Games against Group of 5 teams: SEC (55 percent); Big Ten (52 percent), ACC (45 percent)

Games against FCS teams: ACC (25 percent), SEC (25 percent); Big Ten (18 percent)

That’s not the only puzzler.

Georgia, which recently signed a home-and-home series with Notre Dame (2017 and 2019), is the only SEC team to play two games against Power 5 teams. That distinction brings a brutal September: Clemson, at South Carolina, Troy, Tennessee — the same Tennessee that should have beaten Georgia last season.

Tennessee is the key to Georgia’s brutal September?  I guess if the Dawgs are down their top five skill position players, maybe so.

Hayes makes the best argument against his argument when he cites Auburn.

For those thinking Auburn is a national title contender, consider this: The Tigers haven’t won a road non-con game against a BCS/Power 5 team since 1997, when Terry Bowden’s Auburn team went into Charlottesville and beat Virginia 28-17. Auburn hasn’t won a non-con game against a team west of the Mississippi since a victory over TCU in 1980.

And during that time, Auburn was in the national title conversation in 2004 – and, of course, would have played for a MNC had there not been two other major schools undefeated – won a national title in 2010 and played for another last season.  That non-conference scheduling has really had an impact, Matt.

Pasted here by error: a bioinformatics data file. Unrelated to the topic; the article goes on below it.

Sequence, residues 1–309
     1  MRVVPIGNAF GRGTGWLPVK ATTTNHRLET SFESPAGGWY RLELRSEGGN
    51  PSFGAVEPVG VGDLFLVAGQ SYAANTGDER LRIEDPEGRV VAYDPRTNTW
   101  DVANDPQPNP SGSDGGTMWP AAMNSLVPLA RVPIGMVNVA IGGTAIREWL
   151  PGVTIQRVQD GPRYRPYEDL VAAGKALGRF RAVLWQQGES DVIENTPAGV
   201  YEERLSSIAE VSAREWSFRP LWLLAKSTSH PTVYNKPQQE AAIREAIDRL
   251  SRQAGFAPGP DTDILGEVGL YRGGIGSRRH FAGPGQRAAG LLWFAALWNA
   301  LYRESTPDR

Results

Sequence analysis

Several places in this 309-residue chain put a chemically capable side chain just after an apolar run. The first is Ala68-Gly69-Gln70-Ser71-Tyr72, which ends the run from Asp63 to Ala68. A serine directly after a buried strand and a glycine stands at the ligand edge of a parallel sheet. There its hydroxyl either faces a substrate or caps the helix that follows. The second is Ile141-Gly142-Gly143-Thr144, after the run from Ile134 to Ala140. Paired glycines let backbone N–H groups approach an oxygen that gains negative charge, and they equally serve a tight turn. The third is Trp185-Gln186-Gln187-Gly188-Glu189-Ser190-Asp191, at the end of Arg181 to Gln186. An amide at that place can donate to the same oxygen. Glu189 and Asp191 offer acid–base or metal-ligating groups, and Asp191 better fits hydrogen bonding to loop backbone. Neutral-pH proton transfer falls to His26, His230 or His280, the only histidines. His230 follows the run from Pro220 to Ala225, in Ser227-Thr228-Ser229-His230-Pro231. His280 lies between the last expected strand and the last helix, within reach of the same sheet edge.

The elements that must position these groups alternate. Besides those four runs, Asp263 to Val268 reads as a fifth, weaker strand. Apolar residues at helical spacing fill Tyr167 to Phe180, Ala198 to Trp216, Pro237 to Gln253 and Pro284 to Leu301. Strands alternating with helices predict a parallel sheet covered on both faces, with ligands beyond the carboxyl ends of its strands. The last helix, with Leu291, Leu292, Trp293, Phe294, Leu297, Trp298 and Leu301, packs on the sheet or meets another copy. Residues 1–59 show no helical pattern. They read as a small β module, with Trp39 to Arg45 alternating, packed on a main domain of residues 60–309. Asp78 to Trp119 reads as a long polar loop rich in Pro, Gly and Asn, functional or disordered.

Filed under SEC Football

The SEC Network’s one sop to tradition

At least we know who will be calling the third-rate games on the network now.

You may remember Dave from such great moments like this:

No word on whether they’re getting the band back together, though.  Just don’t pair him with Andre Ware.  Please.


Filed under SEC Football

Root, root, root for the conference opponent?

Year2 has a good piece about the etiquette of supporting other SEC teams and I agree with him that being a fan means following your heart, not coldly calculating what’s good for the conference may be indirectly good for the team you support.

Where I think I part ways with him is that, with at least some conference rivals, I can’t even get into the intellectual justification as a fall back exercise.

That then changes the question to whether it is good for your team to see other SEC teams do well. In the aggregate, the answer is an easy “yes”.

There is a subjective element to how every NCAA postseason field comes about. The better the league’s reputation is, the more likely it is that its teams will get into those fields ahead of other conferences’ teams. It is especially important in the revenue sports, because more spots means more money to the conference, and the conference divides the loot evenly. The conference’s good reputation has paid off concretely in football…

Was Florida’s loss to Georgia Southern bad for the conference’s reputation?  Certainly.  As a Georgia fan, would I have changed the outcome had I the power to?  Are you freakin’ kidding me?

There are some SEC schools I’m always going to root against… unless they’re playing Georgia Tech.  (Maybe.)  There are some conference schools I may dislike for a time because of a player or coach whom I instinctively pull against.  And there are some teams in the SEC I support.  If that makes me a bad conference fan, so be it.  Besides, outside of Mike Slive, who wants to be a conference fan anyway?


Filed under SEC Football